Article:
There are captivating dimensions to the game, and many of them are well-explored in Monster Camp. I think the concept of two people in LARP costumes fucking is rather interesting, just like I think furry sex is interesting.

I first learned about furries from the MTV documentary Plushies & Furries, and then later met director Rick Castro. He owns a fetish gallery in Los Angeles, the Antebellum. He also hosted a monthly fetish screening at the Egyptian in Hollywood. I attended Zoo with a group of friends and remember one question during the post-Zoo discussion about whether or not the zoos, animal lovers, were regularly penetrated by horses. Poor Rick Castro made a face, and I realized he'd been cornered into visualizing horsedick penetration. Then I realized I was also considering the logistics of horsedick penetration, and my friends had funny facial expressions too. Castro replied, quite seriously and not without disgust, that a horse's penis is too large for a human's anus (the documentary Zoo specifically concerns itself with an instance of deadly horse-in-human anal sex). What a relief. Afterward my friends and I discussed similar aspects from the movie, off and on, during a mostly quiet and weird ride home. You could say we both wanted to talk about it and not think about it; couldn't help think about it and couldn't figure out how to talk about it.

Monster Camp does not directly state that there is costumed sex, but sexual dynamics, in-game and real world, are discussed. None involving animals for your information. It's more like: one gameplaying couple's relationship is strained because within the game the girl is the mate of another male. On the flip side, she accuses her boyfriend's character (but not him) of being too flirtatious. Sometimes the roleplaying goes too far and feelings are stirred that linger beyond the weekend of LARPing. Two of the LARPers, at least two, have not successfully graduated from high school, although they're into their 20s, and if I understood correctly one of them still attends high school. It's his fifth year being a senior. It must be night school by now right? I probably don't have to tell you that some of them, including these two, play too many videogames. Some of them are parents, and some parents bring their kids.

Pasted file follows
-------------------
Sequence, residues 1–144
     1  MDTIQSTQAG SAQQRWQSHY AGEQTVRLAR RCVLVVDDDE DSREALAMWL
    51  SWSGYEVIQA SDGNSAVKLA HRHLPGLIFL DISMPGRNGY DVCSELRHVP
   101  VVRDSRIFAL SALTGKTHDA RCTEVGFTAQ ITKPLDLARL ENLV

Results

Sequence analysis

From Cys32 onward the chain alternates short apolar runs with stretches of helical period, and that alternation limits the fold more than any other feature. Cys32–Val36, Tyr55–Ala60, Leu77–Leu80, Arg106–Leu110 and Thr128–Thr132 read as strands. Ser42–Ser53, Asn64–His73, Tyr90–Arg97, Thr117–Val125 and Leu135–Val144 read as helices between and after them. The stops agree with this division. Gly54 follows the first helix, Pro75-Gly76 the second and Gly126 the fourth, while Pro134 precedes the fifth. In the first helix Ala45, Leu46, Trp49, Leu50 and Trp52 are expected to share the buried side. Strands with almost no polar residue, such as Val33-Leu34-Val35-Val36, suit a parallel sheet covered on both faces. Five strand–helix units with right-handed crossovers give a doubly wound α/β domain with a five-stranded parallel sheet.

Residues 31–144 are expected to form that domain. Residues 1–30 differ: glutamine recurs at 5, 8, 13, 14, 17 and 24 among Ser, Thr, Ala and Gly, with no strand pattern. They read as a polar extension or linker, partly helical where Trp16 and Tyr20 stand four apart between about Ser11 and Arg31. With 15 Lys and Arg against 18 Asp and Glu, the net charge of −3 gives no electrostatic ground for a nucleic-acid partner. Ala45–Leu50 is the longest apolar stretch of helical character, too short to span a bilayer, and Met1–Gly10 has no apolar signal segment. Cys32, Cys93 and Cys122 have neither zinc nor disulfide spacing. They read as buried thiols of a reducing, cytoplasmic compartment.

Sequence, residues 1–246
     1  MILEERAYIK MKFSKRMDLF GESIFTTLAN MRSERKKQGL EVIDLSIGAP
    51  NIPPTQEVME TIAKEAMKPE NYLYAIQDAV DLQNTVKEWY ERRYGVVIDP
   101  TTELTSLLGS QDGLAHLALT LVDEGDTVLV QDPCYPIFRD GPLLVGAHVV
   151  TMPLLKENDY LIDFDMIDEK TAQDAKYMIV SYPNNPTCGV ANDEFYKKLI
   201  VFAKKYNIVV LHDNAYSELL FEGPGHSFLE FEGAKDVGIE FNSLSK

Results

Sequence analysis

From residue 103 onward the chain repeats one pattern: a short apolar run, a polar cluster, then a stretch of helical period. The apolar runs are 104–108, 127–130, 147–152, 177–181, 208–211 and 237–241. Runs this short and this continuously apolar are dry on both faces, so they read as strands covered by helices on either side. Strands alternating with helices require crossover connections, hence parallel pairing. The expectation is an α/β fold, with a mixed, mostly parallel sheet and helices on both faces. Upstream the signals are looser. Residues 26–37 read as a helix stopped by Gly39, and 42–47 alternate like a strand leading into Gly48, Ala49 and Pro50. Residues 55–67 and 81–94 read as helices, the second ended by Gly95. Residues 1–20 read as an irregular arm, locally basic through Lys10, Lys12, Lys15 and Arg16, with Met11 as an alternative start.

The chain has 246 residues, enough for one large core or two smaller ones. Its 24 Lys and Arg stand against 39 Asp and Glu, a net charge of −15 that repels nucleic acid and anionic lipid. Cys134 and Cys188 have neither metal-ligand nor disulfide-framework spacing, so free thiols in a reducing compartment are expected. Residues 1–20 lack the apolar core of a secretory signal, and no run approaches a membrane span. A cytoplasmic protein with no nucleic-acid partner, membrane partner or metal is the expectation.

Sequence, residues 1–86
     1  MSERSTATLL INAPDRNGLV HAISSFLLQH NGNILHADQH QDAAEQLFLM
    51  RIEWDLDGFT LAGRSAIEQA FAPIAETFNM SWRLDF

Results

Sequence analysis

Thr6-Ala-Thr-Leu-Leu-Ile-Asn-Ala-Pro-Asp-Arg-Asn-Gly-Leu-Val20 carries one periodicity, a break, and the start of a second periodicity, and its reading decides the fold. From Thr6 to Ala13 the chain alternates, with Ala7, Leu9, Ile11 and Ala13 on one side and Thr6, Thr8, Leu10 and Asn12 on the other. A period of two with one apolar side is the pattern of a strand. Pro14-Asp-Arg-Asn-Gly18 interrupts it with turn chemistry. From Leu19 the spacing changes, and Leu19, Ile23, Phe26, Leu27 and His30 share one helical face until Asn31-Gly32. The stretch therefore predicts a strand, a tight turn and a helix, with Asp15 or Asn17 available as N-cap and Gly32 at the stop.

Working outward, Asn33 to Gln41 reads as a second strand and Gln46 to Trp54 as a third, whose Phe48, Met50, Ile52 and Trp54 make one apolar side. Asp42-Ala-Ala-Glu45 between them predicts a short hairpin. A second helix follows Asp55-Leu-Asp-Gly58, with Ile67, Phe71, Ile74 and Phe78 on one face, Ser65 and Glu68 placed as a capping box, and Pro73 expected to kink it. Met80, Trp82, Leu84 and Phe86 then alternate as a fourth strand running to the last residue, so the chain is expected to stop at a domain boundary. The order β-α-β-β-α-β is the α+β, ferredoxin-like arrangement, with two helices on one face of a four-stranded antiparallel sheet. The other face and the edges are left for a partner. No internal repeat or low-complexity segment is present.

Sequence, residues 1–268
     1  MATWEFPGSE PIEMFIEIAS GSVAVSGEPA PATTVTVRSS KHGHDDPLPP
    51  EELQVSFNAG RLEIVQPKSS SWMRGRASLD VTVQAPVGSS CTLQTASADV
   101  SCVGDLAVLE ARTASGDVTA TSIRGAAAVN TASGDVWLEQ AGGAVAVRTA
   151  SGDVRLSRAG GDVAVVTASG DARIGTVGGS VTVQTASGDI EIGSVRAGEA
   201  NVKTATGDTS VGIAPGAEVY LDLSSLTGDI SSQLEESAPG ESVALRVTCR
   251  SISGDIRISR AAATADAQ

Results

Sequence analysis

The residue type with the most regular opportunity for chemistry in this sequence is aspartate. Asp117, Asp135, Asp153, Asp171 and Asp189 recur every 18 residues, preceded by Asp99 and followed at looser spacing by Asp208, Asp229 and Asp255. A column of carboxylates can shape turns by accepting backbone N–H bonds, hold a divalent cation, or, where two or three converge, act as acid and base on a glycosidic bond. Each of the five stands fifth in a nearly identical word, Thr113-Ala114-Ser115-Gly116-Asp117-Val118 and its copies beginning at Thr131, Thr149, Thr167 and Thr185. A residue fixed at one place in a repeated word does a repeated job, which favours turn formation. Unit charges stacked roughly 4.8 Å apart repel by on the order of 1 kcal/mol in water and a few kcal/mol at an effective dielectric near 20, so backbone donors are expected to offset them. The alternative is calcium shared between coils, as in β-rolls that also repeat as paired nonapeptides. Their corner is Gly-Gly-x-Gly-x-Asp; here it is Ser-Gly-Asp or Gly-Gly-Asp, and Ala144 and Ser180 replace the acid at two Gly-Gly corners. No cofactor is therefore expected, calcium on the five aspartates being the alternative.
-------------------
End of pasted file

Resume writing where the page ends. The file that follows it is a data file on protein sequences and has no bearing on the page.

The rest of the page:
One father, also writer of the game's plot (jealous), has an eight-year old daughter. He tells a story about his daughter complaining to him that he plays too much World of Warcraft, while he's playing WoW (he's both telling the story while playing WoW and the story itself is set during an instance of him playing WoW), and there's a look in his eyes and tone to his voice that makes me think the daughter lost that round, had lost rounds before, and will always be second in his life to videogames. His intensity reminded me of the man in Cinemania who assaulted the lady in front of him during a movie, and then finished the movie, knowing the cops were in the lobby waiting for him.

There are the game's sunnier sides as well. One lady in a wheelchair doesn't leave the house much and enjoys her interactions with the group of LARPers. She sews and designs costumes for them. At the events she sits behind a table and forgets for a little while how she is lonely and in a wheelchair. She does not forget to hand out the lizard zombie costumes.